On our first visit to Cyprus we ended stopped by the closed museum in Dali in February on our way back to the airport. It took a few photos of a small holding and then back home tried to work out what this weird tree was with nothing but pale berries in the winter light.
It turns out - after much mind numbing web searching - that it is the Chinaberry Tree or Indian Beed Tree, known as 'Mavromata' ('dark eyes' due to the darker inner circles of the tree's flowers) in Cyprus (melia Azedarach). 'Melia' in Greek is 'Ash' (the leaves and twigs do resemble an Ash Tree), but the tree is a mahogany originally from India. The abundant yellow berries are toxic to humans but not birds, although birds are said to become drunk or 'high' after consuming quantities of them. Apparently Egyptian fruit bats love the fruits too (see MGS Forum).
The flesh of the berries was very waxy/gummy and had a pungent/acrid smell, almost of frankincense. The berry had a five grooved seed.
The seeds used to be used to make rosaries. The timber is like teak but under-utilised (see Wikipedia: Melia Azedarach). In the USA they are now considered an invasive species. In Cyprus they are fairly widespread and often in gardens or small-holdings. The tree is related to the Neem tree, from which the insecticide 'Neem Oil' derives.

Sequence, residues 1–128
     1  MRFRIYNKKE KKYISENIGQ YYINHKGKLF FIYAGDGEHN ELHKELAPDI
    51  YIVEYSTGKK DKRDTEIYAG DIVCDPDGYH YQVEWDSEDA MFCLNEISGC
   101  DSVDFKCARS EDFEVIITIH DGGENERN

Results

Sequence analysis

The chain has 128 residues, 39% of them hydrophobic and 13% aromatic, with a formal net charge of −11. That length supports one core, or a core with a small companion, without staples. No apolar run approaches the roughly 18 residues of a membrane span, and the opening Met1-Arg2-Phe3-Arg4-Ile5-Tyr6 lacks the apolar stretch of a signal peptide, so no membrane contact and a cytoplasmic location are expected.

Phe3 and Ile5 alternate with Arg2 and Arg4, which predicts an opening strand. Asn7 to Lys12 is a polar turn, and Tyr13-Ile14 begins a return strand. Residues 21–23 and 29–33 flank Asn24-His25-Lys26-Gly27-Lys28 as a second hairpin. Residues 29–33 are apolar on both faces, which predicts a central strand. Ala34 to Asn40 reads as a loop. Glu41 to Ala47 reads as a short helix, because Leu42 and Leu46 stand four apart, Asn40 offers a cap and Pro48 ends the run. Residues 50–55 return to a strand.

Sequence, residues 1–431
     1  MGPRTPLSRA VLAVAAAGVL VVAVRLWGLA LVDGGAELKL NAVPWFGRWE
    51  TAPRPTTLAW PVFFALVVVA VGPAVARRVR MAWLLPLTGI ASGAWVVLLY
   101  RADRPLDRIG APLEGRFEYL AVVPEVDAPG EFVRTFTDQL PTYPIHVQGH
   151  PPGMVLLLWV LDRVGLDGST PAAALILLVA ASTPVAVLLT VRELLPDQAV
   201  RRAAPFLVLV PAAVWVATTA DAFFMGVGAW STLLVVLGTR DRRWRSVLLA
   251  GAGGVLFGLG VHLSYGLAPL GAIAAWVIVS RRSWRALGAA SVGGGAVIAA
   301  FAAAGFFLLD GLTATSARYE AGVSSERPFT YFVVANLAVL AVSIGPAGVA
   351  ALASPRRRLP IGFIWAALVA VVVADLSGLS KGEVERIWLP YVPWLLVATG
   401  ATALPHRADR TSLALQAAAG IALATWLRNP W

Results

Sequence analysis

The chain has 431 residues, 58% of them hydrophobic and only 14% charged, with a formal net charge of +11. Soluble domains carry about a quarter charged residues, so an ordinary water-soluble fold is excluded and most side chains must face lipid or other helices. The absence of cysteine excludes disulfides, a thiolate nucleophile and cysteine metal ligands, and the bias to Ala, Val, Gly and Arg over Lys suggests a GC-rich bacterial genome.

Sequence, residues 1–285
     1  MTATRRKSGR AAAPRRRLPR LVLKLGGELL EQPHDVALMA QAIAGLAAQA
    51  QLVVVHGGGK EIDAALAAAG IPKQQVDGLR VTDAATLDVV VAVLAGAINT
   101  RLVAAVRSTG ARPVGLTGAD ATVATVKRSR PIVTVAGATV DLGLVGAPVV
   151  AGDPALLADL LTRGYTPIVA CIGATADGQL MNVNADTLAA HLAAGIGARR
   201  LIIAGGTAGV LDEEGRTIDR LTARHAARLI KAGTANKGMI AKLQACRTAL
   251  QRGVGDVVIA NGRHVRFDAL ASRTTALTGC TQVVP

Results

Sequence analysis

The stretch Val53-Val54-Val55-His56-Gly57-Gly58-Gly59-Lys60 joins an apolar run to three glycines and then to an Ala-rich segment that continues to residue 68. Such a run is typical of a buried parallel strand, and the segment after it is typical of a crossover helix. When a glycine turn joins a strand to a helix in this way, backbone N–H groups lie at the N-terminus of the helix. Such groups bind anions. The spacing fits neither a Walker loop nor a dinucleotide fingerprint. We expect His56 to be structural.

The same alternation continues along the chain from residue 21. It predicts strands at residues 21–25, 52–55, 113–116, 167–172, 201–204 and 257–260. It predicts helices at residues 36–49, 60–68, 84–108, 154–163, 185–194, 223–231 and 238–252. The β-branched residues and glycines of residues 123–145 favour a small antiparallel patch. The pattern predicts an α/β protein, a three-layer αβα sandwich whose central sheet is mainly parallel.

I came across an interesting article in the Cyprus Mail on local uses of the tree's berries.
When Cyprus was abundant in water fishermen would cast the seeds into pools to stun the fish, which would become intoxicated and float to the surface; marine fishermen would bait fish traps with bunches of leaves to attract the very expensive skaros.
The plant contains a number of narcotic properties… It has been used for centuries in Asia to treat leprosy, scrofula, gonorrhoea, malaria, burns, tropical ulcers, internal and external parasites and haemorrhoids. It is antibacterial, antimicrobial and insecticide. The twigs were chewed to strengthen teeth and gums and the seed oil rubbed into the scalp to kill head lice and stimulate hair growth.
Alexander McCowen in the Cyprus Mail, 2008.